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RE: OO inheritance in a hacker style

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From:
Austin Hastings
Date:
January 30, 2004 11:21
Subject:
RE: OO inheritance in a hacker style
Message ID:
ICELKKFHGNOHCNCCCBKFGEOJCJAA.Austin_Hastings@Yahoo.com


> -----Original Message-----
> From: Jonathan Scott Duff [mailto:duff@lighthouse.tamucc.edu]
> On Thu, Jan 29, 2004 at 10:54:18PM -0500, Austin Hastings wrote:
> > > -----Original Message-----
> > > From: Jonathan Lang [mailto:dataweaver42@yahoo.com]
> > >
> > > Actually, no; roles don't _need_ "suppress" or "rename" options to
> > > disambiguate a conflict: the priority chain of "class
> methods, then role
> > > methods, then inherited methods" provides all the tools that are
> > > _required_ to remove ambiguities: you merely override the
> conflicting role
> > > methods with a class method - which may explicitly call the preferred
> > > inherited or role method, do its own thing, or both.  This technique
> > > covers every benefit that exclusions and aliases provide with the sole
> > > exception of the ability to make a given method name unavailable.  Its
> > > only other potential fault vs. suppress and rename is poor Huffman
> > > encoding.
> >
> > This is not my understanding. If I say
> >
> >   role tree {
> >     method bark {...}
> >   }
> >
> >   role dog {
> >     method bark {...}
> >   }
> >
> >   class Trog
> >     does tree
> >     does dog
> >   {
> >     ...
> >   }
> >
> > then there is a conflict unless an alias is declared, or unless
> > the class explicitly specified which method to call, or provides a
> > combining method.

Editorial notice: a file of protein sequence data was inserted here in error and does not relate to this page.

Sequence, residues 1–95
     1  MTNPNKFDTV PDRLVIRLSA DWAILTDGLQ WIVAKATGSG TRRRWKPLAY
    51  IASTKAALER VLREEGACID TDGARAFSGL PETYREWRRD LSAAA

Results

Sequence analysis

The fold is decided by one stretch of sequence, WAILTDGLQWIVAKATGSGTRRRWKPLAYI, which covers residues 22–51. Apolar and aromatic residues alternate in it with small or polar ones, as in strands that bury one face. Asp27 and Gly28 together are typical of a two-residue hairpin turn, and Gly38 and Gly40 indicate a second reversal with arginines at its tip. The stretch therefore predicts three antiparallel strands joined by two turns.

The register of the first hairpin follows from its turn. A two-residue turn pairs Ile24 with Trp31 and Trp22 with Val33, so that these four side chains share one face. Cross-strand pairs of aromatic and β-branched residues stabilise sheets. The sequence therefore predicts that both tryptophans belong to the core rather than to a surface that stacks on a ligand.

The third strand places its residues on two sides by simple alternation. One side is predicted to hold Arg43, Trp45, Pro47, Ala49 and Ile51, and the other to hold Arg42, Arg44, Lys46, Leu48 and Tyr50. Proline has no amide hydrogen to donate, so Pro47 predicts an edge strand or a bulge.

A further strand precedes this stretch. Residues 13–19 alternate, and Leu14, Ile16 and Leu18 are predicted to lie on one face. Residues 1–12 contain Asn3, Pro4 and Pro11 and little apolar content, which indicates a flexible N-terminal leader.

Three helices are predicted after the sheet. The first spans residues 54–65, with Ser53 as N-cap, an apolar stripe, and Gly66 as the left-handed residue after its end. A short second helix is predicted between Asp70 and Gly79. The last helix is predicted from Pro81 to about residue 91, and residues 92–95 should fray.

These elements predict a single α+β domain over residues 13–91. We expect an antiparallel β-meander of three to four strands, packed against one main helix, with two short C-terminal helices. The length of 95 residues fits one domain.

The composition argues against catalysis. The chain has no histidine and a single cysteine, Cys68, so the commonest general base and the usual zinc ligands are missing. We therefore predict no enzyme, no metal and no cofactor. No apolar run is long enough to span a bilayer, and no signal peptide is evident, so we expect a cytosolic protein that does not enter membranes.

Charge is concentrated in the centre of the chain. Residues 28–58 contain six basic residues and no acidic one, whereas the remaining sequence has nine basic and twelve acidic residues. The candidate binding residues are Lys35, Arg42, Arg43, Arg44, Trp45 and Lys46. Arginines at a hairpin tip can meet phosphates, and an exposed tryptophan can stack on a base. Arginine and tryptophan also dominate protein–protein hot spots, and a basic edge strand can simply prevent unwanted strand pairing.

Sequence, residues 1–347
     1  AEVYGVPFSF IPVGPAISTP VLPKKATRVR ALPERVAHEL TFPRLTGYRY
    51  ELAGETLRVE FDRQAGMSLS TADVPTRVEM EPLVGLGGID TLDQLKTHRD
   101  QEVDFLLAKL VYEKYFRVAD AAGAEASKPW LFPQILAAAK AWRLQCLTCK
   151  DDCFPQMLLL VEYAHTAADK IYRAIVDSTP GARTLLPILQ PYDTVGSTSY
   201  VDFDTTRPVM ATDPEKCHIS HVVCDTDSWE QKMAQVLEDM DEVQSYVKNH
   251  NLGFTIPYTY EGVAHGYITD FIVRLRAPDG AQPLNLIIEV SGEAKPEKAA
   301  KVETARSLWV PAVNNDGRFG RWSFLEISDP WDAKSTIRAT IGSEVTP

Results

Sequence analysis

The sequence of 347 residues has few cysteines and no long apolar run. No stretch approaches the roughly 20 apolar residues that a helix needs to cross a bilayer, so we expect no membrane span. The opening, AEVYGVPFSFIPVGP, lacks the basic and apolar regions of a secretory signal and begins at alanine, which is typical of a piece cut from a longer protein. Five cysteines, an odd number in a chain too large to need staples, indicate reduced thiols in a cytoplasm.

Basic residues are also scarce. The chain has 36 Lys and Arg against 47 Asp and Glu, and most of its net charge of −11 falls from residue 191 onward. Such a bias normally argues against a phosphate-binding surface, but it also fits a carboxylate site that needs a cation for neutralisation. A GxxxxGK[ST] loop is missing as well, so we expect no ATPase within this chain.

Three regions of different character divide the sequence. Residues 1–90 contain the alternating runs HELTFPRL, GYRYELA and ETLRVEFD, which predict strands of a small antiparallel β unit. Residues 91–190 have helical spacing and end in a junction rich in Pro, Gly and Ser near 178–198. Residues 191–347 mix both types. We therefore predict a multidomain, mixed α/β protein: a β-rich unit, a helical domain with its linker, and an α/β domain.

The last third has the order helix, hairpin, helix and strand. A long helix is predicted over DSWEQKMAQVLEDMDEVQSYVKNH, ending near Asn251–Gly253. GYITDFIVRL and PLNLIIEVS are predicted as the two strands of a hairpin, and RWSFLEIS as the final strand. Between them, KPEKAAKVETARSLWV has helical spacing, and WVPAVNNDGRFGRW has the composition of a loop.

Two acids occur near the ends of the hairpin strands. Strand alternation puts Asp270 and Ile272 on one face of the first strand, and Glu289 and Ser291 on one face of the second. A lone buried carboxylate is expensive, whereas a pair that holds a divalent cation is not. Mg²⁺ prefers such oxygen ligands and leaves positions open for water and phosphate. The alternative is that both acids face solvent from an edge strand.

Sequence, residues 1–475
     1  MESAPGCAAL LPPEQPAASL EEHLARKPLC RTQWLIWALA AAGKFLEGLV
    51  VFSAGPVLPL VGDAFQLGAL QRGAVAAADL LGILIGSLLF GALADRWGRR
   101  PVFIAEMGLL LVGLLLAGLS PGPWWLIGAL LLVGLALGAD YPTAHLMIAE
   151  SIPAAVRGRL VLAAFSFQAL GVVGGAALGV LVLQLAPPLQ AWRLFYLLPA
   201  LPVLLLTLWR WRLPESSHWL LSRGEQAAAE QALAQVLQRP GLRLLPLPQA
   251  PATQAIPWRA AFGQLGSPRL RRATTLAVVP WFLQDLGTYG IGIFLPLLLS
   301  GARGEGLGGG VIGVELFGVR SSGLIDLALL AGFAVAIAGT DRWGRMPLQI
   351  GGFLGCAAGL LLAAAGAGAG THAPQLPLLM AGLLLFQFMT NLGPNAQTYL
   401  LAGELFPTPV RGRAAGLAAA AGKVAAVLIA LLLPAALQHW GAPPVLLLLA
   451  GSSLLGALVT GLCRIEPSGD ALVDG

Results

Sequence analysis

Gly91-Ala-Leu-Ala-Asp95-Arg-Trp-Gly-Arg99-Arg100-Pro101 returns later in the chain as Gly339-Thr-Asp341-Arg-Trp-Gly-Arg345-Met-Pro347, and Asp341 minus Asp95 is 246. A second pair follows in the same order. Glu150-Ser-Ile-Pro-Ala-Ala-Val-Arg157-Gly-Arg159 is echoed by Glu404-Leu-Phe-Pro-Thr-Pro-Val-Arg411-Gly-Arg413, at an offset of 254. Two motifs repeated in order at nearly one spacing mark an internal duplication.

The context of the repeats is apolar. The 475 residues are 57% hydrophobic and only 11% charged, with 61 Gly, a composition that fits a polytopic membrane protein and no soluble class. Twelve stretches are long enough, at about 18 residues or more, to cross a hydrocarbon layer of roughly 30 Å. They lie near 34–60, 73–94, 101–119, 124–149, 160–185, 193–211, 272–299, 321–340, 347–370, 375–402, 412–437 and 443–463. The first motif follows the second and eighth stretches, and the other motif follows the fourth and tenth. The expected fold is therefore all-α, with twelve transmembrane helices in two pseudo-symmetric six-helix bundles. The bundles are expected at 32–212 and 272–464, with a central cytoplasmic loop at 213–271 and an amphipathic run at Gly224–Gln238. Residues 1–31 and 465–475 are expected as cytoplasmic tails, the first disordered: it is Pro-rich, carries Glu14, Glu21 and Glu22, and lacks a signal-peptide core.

> >
> > But saying
> >
> >   class Trog
> >     does tree { forget bark() }
> >     does dog
> >   {
> >     ...
> >   }
> >
> > makes it pretty clear what's happening.
>
> Doesn't
>
> 	class Trog
> 	   does tree
> 	   does dog
> 	{
> 	   method bark { ... }
> 	}
>
> Also make clear what's happening?  Especially when the ... isn't
> literal, but really a call to tree.bark or dog.bark.

Not as I recall from the paper. Especially not if the methods have different
signatures. The point here being that either tree or dog may have other
methods that call C<bark> internally, so the defined interface is a required
list -- the only thing you can do is explicitly provide some sort of
behavior modification.

> > > It's been suggested that something like this could be handled
> by hacking
> > > the DISPATCH method of a class so that it throws an exception whenever
> > > that method gets called.  This doesn't really _remove_ the method in
> > > question, but it does render it unavailable (implicitly, at least).
> >
> > Yes, but I don't want an exception. I want an "ignoration" -- possibly
> > causing the dispatcher to locate some other, less proximate, candidate
> > method.
>
> Hmm. The text and examples so far have been about methods and this
> seems to be about multi-methods.  Correct me if I'm wrong ...

You're wrong. Consider my example, where via single inheritance we reach a
"layered" list of methods, each of which replaces the previous one in the
namespace (parent.method superseded by child.method). This is not
multi-dispatch -- the class of the object being dispatched determines the
method -- but I want to modify the dispatch chain so that some upstream
class' method is "ignored".

> That's not how I interpretted "forget" It looked more like "this method
> doesn't exist, please error now". Which you can achieve by providing a
> an ordinary method that just errors. However, if you wanted to control
> how the method is dispatched, that's exactly what .DISPATCH() is for.
> (assuming .DISPATCH is writ in something resembling stone as I only
> recall seeing it mentioned once or twice) Just write it so that it
> doesn't consider the multi-method you want to forget.

See above. I'm willing to believe that a module could be done that provides
this service in the way you describe, if it can be temporized.

=Austin


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